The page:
By 2019, the global shampoo market is expected to reach an estimated value of $25.73 billion. But deep in the mountains of southern China’s Guangxi province, the women of Huangluo Village won’t be contributing a single dime to the industry– because apparently, it’s not worth it …
For the Yao minority of ethnic women, hair is their most prized possession. The ancient settlement is known across China as the “Long Hair Village” and is even recognised by the Guinness world book of records as the “world’s longest hair village”. They grow their jet black hair up to 2.1 meters (6.8 feet) long, and manage to keep it looking strong and healthy (and free of greys) well into their old age. Their secret? They wash with fermented rice water. You know, that milky-colored liquid left over from rinsing or boiling rice. It’s been the secret to beautiful hair for these village women as well as imperial princesses in the East since ancient times.
Hair has always been a big deal for the Red Yao women of Huangluo, who get their name from the traditional red clothing. You thought you knew someone truly obsessed with their own hair? In Huangluo, it’s considered so sacred that until recently, no one was allowed even so much as to look at a woman’s loose locks except her husband and children.
Hair swishing in public was a major ‘no no’, to the extent that if a local outside the marital home, or a foreign traveler caught a glimpse, they would be forced to spend three years with the woman’s family as their son-in-law. These outdated rules were scrapped in the late 1980s, presumably as the influx of tourism to the region became a source of income for the remote village, once among the poorest in the province. This is no longer the case for Huangluo, and it’s all finally fitting in rather well with the ancient belief that growing their hair long brings longevity, wealth and good fortune. The longer the hair, the more fortunate one will be.
Alongside normal day jobs and duties in the village of 82 households and 400 villagers, women with Rapunzel-esque hair will sing and perform in groups several times a day, displaying their long hair for tourists, earning over $300 a month during his season.
The women of Huangluo can only cut their hair once in their lives, on their 18th birthday. But the chopped hair isn’t exactly sold off only to find its way into a packet of Kardashian brand hair extensions. Here, it’s given to the girl’s grandmother and made into an ornamental headpiece. It’s ironically at this time, with an ear-length haircut that the young woman is supposed to begin looking for a lover. When she marries, the hair is gifted to the groom, and later becomes a part of her everyday hairdo.
In fact, one might even say that the idea of hair extensions originally came from the Red Yao women, whose hair is actually made of three bunches: her own hair, the hair from before her wedding, and the third is made from the falling strings of hair, which are collected and and cared for every day. All three come together to form an elaborate expertly wrapped hairstyle. Different hairstyles also represent the different social status of the bearer.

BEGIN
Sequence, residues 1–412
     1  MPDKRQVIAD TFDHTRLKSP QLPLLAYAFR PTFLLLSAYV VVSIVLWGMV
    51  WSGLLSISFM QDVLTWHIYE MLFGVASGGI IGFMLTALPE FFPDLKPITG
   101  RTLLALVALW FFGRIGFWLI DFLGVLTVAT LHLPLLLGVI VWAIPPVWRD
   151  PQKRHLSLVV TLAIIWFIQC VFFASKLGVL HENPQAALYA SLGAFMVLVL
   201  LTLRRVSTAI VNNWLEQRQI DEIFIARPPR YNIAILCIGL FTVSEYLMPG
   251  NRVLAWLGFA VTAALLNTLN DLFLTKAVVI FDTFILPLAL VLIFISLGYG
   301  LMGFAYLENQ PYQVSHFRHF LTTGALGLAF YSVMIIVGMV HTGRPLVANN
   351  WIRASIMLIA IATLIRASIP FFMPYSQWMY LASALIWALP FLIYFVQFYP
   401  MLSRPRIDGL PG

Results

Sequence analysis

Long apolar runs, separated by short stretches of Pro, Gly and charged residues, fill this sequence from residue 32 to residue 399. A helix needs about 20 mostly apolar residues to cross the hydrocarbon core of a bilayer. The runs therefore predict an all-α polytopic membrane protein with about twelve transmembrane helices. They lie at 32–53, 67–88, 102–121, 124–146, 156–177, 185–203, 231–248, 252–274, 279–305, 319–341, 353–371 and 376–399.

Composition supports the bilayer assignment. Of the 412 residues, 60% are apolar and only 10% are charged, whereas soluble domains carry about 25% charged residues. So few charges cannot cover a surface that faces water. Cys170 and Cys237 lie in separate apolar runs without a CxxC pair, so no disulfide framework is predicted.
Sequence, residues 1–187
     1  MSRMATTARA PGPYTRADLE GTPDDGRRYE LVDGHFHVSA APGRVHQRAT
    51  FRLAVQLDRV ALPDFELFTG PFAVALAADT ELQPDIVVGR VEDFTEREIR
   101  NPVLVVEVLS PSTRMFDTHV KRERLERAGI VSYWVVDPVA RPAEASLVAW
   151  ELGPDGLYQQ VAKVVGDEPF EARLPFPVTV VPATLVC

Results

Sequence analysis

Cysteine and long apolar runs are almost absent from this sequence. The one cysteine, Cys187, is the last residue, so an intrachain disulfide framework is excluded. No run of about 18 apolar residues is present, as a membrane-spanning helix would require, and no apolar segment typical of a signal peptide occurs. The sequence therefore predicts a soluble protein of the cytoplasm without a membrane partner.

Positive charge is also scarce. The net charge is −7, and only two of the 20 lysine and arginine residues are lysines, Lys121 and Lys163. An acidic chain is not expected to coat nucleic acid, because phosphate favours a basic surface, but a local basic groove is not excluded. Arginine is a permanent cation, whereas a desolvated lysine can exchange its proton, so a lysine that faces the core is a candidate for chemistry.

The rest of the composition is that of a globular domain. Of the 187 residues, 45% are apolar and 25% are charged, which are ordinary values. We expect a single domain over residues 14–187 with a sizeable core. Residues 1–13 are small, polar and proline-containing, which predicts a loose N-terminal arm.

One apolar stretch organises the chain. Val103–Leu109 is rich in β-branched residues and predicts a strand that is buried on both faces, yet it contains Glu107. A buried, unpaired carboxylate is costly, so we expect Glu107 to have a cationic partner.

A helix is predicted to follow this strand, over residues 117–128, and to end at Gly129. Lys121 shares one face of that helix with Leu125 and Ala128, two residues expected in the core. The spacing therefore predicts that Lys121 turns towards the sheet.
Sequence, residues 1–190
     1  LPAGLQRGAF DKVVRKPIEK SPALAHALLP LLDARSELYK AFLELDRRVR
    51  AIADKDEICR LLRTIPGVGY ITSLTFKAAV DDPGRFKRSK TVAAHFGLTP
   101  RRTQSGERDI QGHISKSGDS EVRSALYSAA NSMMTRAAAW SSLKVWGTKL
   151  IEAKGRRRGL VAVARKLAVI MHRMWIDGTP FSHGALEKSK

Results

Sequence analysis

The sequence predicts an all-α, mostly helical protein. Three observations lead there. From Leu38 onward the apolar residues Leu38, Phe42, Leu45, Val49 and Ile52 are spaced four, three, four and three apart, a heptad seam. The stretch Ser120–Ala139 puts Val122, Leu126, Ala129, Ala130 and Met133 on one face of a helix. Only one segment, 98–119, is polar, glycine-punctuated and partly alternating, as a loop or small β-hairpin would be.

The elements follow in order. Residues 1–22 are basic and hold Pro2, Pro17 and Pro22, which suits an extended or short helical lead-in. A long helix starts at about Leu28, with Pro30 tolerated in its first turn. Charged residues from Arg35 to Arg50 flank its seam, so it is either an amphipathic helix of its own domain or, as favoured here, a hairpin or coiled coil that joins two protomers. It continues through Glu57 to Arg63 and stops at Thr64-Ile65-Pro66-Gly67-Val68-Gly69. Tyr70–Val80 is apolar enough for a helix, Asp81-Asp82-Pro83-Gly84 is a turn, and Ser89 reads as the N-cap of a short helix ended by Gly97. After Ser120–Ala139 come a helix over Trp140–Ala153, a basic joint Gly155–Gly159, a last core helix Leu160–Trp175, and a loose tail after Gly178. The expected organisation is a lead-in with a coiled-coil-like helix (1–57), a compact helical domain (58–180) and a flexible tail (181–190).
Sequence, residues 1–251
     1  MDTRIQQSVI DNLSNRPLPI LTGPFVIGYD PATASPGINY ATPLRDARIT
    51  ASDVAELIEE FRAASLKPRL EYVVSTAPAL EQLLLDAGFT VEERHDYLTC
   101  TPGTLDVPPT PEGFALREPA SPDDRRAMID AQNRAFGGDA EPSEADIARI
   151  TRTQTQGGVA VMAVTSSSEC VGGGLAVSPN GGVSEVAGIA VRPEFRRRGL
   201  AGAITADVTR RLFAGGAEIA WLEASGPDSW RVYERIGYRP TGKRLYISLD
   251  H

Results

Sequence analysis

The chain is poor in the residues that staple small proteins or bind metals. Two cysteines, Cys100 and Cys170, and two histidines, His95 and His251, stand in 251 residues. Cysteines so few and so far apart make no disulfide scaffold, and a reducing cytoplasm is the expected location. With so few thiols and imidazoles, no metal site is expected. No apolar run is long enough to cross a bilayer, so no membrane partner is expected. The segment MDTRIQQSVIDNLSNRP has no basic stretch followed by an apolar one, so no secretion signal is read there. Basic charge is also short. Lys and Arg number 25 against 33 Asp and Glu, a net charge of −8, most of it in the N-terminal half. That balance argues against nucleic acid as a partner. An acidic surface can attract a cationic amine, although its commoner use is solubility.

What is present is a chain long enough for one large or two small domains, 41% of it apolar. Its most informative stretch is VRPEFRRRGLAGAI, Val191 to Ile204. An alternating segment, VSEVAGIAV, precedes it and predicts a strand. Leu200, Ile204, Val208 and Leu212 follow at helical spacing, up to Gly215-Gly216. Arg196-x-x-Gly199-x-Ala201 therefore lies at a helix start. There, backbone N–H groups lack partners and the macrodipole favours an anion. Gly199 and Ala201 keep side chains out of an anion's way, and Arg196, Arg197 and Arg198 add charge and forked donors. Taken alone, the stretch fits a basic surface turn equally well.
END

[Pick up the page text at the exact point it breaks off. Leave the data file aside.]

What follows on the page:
For example, if the hair is wrapped like a circular tray on top of her head, it means she is married but has no children. If she is married with children, she’ll wear a bun at the front of her wrapped style– perhaps to represent a baby bump? I’d like to think it’s a play on “bun in the oven”!
If she wears a scarf around her head, with her hair remaining hidden, it means she is looking for a husband, who traditionally, would be the only man with the privilege to see her hair in all its beauty. Nowadays, once she’s married at least, the people of Huangluo seem to be a little more comfortable with sharing that beauty with the world.
So about that ancient shampoo. Essentially, it’s fermented rice water that has gone slightly sour. Rich in antioxidants, minerals, vitamin E, washing your hair with the stuff will make it shiny, soft, strong and healthy. It’s also known to help to heal scars and reduce fine lines, and inflammation, “leaving the skin with a healthy glow”. Okay, I’m starting to sound like a beauty column.
ut seriously, Red Yao women claim that most of them don’t see a single grey hair until well past the age of 80.
A New York-based natural health consultant, Dr. Margaret Trey decided to give rice water a go and noticed that it cleaned her hair well without drying it out, noticing that it also felt strong, softer and more manageable. Now a regular user of rice water, she finds that when she occasionally goes back to a commercial-brand shampoo, her hair is immediately stripped of its natural oils and becomes “wispy and almost too fragile to brush” and then has to use a hair-repairing product to moisturise it. (I might be losing the guys at this point).
But for those of you willing to try out this ancient hair-washing method (because you’re worth it), here’s a few tips on how to make the Red Yao shampoo. It’s pretty simple.
How to Make Rice Water “Shampoo”
First, collect the rice water (not the water you use on the initial rinse to get off any dirt). “If you cook rice two to three times a week, you should be able to collect enough rice water for two to three rice-water hair washes”, notes Dr. Taylor. She even suggests making friends with the staff at your favorite Chinese or Asian restaurant and bringing a plastic container to add to your stock! Then leave the rice water at room temperature for a day or until it turns slightly sour and starts to ferment. Boil it, then allow to cool and maybe add a few drops of tea tree, lavender or rosemary essential oils and store it in the refrigerator. A 60-fluid-ounce container will usually last about a week and you can use the rest for a daily face wash.
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